We’re all a little bit embarrassed by our parents, especially the parental types who don’t seem to give a hoot about what anyone else thinks of them. That’s pretty much Dustin Hoffman’s Harold Meyerowitz in Noah Baumbach’s latest film, a famed modern artist who complains about overpriced steak and drinks from a stranger’s wine glass at the table next to him...
We live in a world where we get one good Adam Sandler performance for every dumpster truckload of bad Adam Sandler movies. Netflix may be shoveling Sandler original movies at us like coals into a fire – and hey, you’re to blame, America – but they’re also behind the latest Noah Baumbach movie which allegedly features the best Sandler performance since his surprisingly poignant turn in Punch Drunk Love.
Those of you with an interest in the changing face of theatrical exhibition and film festival bylaws (there are dozens of us!) may have caught wind of some recent meshugas unfolding in France. This year’s main Competition slate at the Cannes Film Festival included two films from online-streaming giant Netflix, Bong Joon Ho’s creature feature Okja and Noah Baumbach’s singlehanded resurrection of Adam Sandler The Meyerowitz Stories. But there‘s been some consternation about opening the gates of Cannes to films that may never see release in France outside of the Internet. Is a movie that doesn’t play in a movie theater a movie at all?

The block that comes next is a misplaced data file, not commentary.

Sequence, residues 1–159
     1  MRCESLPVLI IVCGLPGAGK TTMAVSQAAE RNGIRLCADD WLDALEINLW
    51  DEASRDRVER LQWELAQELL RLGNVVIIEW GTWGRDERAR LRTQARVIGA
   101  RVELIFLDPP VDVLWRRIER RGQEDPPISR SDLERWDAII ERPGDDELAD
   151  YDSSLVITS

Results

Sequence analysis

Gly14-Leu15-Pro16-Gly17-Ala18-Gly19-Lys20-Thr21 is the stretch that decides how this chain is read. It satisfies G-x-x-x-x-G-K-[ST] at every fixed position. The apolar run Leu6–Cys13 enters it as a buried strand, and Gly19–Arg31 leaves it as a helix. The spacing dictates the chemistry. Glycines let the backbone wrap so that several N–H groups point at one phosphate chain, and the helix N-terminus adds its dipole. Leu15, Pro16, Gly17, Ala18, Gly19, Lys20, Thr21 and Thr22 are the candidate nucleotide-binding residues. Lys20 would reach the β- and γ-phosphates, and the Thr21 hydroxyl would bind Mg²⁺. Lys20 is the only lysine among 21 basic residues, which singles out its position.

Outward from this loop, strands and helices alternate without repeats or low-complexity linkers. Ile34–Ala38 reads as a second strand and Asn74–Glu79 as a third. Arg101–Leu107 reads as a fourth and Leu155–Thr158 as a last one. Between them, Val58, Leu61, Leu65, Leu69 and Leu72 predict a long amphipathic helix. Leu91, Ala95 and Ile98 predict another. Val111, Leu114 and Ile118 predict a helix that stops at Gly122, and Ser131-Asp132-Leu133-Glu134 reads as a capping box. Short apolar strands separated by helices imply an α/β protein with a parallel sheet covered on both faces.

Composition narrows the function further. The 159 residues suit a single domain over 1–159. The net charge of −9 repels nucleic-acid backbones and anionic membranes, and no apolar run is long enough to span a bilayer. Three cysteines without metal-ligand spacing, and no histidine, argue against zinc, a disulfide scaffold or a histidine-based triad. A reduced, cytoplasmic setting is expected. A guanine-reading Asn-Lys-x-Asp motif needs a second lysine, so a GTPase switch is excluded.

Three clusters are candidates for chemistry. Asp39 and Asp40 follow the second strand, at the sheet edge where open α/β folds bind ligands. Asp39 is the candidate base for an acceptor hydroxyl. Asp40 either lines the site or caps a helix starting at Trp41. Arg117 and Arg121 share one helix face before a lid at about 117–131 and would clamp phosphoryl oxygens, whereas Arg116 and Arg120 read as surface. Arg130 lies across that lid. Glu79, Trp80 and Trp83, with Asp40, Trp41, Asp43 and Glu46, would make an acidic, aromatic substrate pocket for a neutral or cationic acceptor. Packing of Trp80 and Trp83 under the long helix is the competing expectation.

Adam Sandler’s reign over Netflix is far from over. After the streaming service renewed his movie deal, Netflix bought Noah Baumbach’s upcoming The Meyerowitz Stories (New and Selected), which is set to premiere at this month’s Cannes International Film Festival. Today, we got our first official look at the film, with four new images.
With two high-profile films premiering at this year’s Cannes Film Festival, Netflix is hard at work proving to filmmakers and financiers alike that it deserves to be taken seriously as both a commercial and artistic distribution platform. And while fans might be excited to watch Bong Joon-Ho’s Okja or Noah Baumbach’s The Meyerowitz Stories from the comfort of their own home, Netflix’s success may have run afoul of French law, putting its relationship with both the film festival and the entire French marketplace in a precarious position.